Before I could prep for this show, I had a marathon to run. So yikes. As this is not a running/fitness blog I'll spare any nitty-gritty details.  Like, I'm not going to post a picture of my toenail that went from deep red to ink-stain-purple and is still hanging on quite tenaciously. But, as it's quite a significant accomplishment, I'd be amiss not to share a bit. Including pictures. Great big thank you to my parents for being our "pit crew" and cheering all morning! So, the short story: we finished! All three! In reasonable times!

Read on for the longer version...
At the start - me, Krystal, and Krystal's dear friend Sandy.
It was a great day for running. Specifically, a great day for running for multiple hours. It was a bit chilly at the start, but reasonably temped as the sun came up - starting around 45 degrees and warming up not much higher than the upper 50's with reasonable sun and mixed breeziness. Krystal and her dear friend Sandy ran most of their race together - significant as they ran their last marathon together in 2004. Well done, kiddos.
I'm not sure what we were talking about, but I couldn't pass on this photo. I call it "Anticipation" and I think I need to blow it up to 16x20, frame it, and hang it prominently in our home. Waiting at the starting line, listening to the Star Spangled Banner.
I settled into the starting corral somewhere around the 4:30 pacer (that's four hours and thirty minutes total, not a per-mile pace) and quickly found myself keeping pace with a nice runner who would stay with me for 24 miles. Martijn was a very nice fellow originally from the Netherlands who has been living stateside for the last 15 years or so and works for an Iowa Ag company as a corn breeder. I told him that sounded like a pretty kinky job and he thought that was pretty funny.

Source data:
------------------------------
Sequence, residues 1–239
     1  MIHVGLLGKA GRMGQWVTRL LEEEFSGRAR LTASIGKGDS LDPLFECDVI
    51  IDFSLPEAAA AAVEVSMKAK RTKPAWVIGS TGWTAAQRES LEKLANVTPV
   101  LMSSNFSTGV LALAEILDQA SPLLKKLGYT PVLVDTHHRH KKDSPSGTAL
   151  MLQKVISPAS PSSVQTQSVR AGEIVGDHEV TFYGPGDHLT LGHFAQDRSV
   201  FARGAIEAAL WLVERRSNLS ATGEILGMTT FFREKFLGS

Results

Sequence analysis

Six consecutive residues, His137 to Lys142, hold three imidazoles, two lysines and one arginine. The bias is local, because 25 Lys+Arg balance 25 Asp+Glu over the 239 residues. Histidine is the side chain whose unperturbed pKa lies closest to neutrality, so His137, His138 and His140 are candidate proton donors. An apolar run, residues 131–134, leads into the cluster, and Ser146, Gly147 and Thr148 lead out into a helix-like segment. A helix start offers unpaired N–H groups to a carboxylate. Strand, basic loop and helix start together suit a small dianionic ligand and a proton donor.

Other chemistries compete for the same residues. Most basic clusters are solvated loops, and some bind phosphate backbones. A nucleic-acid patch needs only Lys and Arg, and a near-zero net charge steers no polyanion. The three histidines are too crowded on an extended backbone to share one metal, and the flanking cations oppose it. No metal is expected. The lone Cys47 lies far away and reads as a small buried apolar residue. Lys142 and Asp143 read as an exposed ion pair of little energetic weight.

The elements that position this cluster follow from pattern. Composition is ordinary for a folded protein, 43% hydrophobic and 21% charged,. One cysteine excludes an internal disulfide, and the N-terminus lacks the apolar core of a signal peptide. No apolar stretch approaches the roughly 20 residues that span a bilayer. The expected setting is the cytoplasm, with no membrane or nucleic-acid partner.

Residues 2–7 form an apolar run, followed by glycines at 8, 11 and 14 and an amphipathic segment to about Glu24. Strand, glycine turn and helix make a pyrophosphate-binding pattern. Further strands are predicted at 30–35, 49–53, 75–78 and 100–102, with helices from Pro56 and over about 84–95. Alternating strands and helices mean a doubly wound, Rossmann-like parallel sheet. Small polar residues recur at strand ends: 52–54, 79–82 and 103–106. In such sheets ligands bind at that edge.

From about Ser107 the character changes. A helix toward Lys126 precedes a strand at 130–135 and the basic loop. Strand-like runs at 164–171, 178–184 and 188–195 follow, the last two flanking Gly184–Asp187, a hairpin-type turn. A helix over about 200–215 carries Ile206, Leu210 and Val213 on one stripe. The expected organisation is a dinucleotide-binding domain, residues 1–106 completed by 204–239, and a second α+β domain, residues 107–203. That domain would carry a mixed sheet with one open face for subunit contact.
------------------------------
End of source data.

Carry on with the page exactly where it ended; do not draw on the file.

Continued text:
Me and Martijn somewhere around mile 13, I think. Still feeling pretty good at this point.
Somewhere around Mile 8 I said to Martijn, just that two more times and a little bit. It doesn't sound so bad when you say it like that. Again, around Mile 13, the halfway point, you have this moment of "I feel great. Everything we've already run, run it again? No problem!" Three miles later, 16 miles in, with 10 miles to go, you realize you're rather bored of the run. Over the next six miles boredom turns to irritation turns to discomfort turns to something resembling pain. Martijn and I parted ways just before Mile 24 - I was fighting my first bad cramps of the run, my quads were seizing up (<--nitty-gritty?) - and I was falling behind. No words to share, I was just slowing down and he was still feeling good. Turns out he felt good only for the next two miles and got hit with a nasty cramp within sight of the finish line. I had to take my time through the last two water stations at miles 24 and 25, but finished strong to the finish, banishing the cramps to far away places.
At the finish - I'm a marathoner!
It felt good crossing the finish line, mostly to be done running. But I felt great otherwise. My ever-supportive father's response to my good feelings? "Then you must not have run hard enough." My final chip time was 4:12:14 - a very respectable time, and a good pace throughout. My goal was to land somewhere around 4:30, I thought 4:15 was an optimistic goal #2. Finishing under four hours would have been incredible as goal #3, but we certainly didn't train to run at that sort of pace and given that I felt really good about my run I'm not sure that there was anywhere I could have realistically shaved 12 minutes from. Besides, now I have a goal to strive for on Marathon #2 :)
Me, Krystal, and Sandy - we all made it!